The Bank of Montreal’s Matthew Barrett has always stood out among Canada’s bank chairmen as the guy most willing to debunk the mythology that still surrounds his industry. Last week, by inaugurating an imaginative virtual banking system called mbanx, he finally provided a cure for those Canadians who still feel intimidated when dealing with banks. Stephen Leacock, the witty economist who became preindustrial Canada’s best-known storyteller, made his reputation with the essay “My Financial Career.” It described his daunting dealings with banks, treating the act of facing fiscal father confessors almost as a religious ordeal. That certainly is very much less true today, but with new electronic banking like the BMO system, it’s not going to be true at all.
“We’re moving from a reactive, routine, processing type of relationship to a much more proactive, value-added kind of partnership, and it’s the new technology that has allowed us to do that,” boasts Barrett. “Mbanx will be a new populist dimension in banking, giving customers unlimited electronic access to the Montreal’s services, around the clock,
365 days a year.”
The innovative move is part of Barrett’s crusade to get ahead of his competition.
“What’s not widely understood,” he told me in a Vancouver interview earlier last week, “is that this is a fiercely competitive industry, with almost everybody wanting to eat our lunch. The restructuring phenomenon that has shaken up the manufacturing industries is about to engulf the service sector, worldwide.” Barrett intends the mbanx initiative not only to move his bank ahead of the other Big Five, but to show that Canada’s financial service industries can be globally competitive and become one of the country’s strategic assets in world trade. ‘We’re going to see an absolute free-for-all,” Barrett predicts, “because adding the physical bricks and mortar that was traditionally the barrier to entry and expansion in banking is disappearing before our eyes, and available technology is taking its place.”
While all of Canada’s chartered banks regard the world as their playground, Barrett is obsessed by the idea of turning the Montreal into a North American bank that happens to have its headquarters in Canada. The bank’s main U.S. subsidiary, Chicago’s Harris Bank, earlier this year acquired the 54-branch Household Bank, giving the combined operation 140 branches in the American Midwest. At the same time, the Montreal purchased a 16-per-cent interest in Grupo Financiero Bancomer, Mexico’s second-largest bank holding company. The American bank already accounts for $40 billion of the Bank’s $161 billion in assets, and at least 35 per cent of its 1996 profits to date. Barrett expects that within the decade, 60 percent of his bank’s revenues and two-thirds of its profits will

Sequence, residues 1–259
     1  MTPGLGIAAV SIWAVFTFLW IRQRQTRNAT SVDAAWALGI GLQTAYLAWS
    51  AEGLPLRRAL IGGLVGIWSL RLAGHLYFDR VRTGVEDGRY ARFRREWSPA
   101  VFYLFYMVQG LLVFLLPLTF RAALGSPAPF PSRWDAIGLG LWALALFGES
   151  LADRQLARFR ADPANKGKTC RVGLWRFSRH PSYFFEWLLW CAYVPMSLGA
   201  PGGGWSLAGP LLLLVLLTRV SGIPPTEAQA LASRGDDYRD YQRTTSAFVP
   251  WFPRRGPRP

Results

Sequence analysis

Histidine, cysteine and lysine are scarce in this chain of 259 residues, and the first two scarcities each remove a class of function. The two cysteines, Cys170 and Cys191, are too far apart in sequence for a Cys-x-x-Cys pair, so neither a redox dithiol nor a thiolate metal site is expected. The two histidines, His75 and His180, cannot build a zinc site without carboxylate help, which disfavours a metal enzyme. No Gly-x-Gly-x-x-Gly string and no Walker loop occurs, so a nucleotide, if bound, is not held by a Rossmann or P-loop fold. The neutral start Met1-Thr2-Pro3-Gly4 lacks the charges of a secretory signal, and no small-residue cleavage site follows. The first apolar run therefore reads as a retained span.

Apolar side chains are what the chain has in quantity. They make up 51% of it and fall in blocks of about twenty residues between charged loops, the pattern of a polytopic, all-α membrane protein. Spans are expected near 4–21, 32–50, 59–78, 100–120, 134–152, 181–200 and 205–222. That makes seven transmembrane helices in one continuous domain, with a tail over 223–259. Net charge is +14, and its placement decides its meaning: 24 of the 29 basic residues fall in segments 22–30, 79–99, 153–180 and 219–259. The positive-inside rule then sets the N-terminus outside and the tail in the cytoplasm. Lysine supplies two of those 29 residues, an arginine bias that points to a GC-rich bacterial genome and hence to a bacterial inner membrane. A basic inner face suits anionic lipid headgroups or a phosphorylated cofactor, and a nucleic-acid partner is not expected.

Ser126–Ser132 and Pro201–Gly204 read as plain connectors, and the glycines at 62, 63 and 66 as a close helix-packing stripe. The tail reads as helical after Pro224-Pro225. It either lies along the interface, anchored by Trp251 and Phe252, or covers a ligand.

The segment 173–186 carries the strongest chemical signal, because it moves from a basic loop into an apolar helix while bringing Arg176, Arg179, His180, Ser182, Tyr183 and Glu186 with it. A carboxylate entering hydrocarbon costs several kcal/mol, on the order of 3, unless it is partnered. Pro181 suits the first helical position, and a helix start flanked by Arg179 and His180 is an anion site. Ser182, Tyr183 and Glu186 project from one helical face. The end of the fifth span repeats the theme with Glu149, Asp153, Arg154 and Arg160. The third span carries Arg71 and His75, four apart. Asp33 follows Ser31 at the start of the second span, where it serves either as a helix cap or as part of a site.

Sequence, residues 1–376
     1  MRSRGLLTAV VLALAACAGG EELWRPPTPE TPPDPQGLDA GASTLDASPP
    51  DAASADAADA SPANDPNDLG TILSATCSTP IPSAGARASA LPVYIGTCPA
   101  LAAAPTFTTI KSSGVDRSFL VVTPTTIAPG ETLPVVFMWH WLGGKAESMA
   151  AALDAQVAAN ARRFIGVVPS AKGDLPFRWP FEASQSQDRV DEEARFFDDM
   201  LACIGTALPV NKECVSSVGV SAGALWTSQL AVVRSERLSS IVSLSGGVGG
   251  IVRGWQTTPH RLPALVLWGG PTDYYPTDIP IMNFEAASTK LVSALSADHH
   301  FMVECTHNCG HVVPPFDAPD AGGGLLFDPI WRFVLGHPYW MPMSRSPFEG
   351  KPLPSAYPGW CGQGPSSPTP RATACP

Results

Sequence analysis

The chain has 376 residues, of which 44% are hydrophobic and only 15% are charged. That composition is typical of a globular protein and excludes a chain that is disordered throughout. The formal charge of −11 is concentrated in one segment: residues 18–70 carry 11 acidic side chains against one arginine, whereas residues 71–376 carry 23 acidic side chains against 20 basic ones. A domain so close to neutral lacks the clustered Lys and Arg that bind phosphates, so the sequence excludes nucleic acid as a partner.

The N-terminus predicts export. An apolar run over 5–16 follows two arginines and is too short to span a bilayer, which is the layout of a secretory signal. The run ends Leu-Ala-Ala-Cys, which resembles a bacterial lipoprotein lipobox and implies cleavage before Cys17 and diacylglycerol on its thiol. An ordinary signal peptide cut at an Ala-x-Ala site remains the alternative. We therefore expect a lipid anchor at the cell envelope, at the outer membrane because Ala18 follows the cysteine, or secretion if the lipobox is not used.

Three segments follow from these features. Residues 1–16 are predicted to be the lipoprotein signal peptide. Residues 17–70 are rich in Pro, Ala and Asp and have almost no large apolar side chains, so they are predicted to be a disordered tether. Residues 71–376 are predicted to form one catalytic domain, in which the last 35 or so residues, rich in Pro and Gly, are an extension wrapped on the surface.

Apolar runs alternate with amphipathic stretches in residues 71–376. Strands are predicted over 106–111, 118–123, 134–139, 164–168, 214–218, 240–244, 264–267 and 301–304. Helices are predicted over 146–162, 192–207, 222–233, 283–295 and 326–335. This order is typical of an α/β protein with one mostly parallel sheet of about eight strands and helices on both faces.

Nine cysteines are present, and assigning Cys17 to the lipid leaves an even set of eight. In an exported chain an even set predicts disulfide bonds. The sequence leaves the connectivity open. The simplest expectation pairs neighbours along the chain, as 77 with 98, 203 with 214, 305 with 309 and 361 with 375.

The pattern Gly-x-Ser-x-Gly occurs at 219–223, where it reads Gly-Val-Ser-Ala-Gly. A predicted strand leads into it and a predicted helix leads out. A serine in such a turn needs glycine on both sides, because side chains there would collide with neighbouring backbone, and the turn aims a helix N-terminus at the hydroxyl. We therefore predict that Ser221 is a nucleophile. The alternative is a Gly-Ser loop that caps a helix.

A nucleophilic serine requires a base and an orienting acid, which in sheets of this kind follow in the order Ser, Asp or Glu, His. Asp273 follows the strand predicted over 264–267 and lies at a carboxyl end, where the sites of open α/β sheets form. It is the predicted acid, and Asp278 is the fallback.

BMO chairman Matt Barrett: ‘We’re moving from reactive banking to a value-added kind of partnership’
be earned outside Canada. “We want to be the NAFTA bank, serving a single, unified market,” says he.
‘What I’m increasingly concerned about,” he adds, “is that the possibility of being considered best in class may be eroded by the concern among Canadians that banks are too big. I don’t know what ‘being too big’ means in today’s global context. We must, as a people, gain more self-confidence, start believing in ourselves, start to understand that we’re as good in many areas, including financial services, as anybody in the world. Even if we’re a wealthy country, we’re a little country at best, so that in order to prosper we must be able to compete on the global stage with the behemoth institutions that dominate the much larger economies. Those are the public policy debates I’d like to see instead of all the tiresome bank bashing.” The bank bashing has been fuelled by the record-breaking performances of Canada’s financial institutions. BMO itself earned alltime-high profits of $877 million for the first three quarters of 1996, and the size of Barrett’s take-home pay packet was more than $1 million in 1995. “I have a lot of trouble understanding this notion that somehow big business is bad and small business is good,” he says. ‘To my way of thinking, a big business produces a product or service that satisfies millions of people, while a small business has a few customers. So, why should it be socially bad to be doing something that conveys value to large groups.” Barrett adds with the subtle Irish wink that is his trademark: ‘What we really have to be careful about is building a small business by starting off with a big one.” Like other bank chairmen, Barrett is torn by demands from shareholders for ever-increasing returns and strident attacks on bank profits. “If I took the capital my shareholders have invested,” he says, “closed down the bank and invested the money in risk-free bonds, we’d still make $640 million. So, what management is paid for is the difference between that amount and the profit we make by running a business. And while I’m happy to tell my board of directors that we’re terrific, it really isn’t an extraordinary feat to produce $1 billion profit from assets of $160 billion.” He points out that out of every $100 million in profit, half of it goes for taxes and another 20 per cent is spent on dividends for shareholders, while the other $30 million is reinvested in the bank to launch programs like last week’s mbanx scheme. “So if you damage the bank’s profit flow,” he points out, “you’re not damaging some mythical five or six rich guys divvying up the bank profits in some imaginary Bay Street basement, but you’re hurting the pensioners, usually represented by the institutional investors.”
Barrett’s mission is to persuade Canadians that if our economies of scale can’t make us a great nation, an enlightened view of global imperatives might. He is determined to make the Bank of Montreal a leader in that quest.
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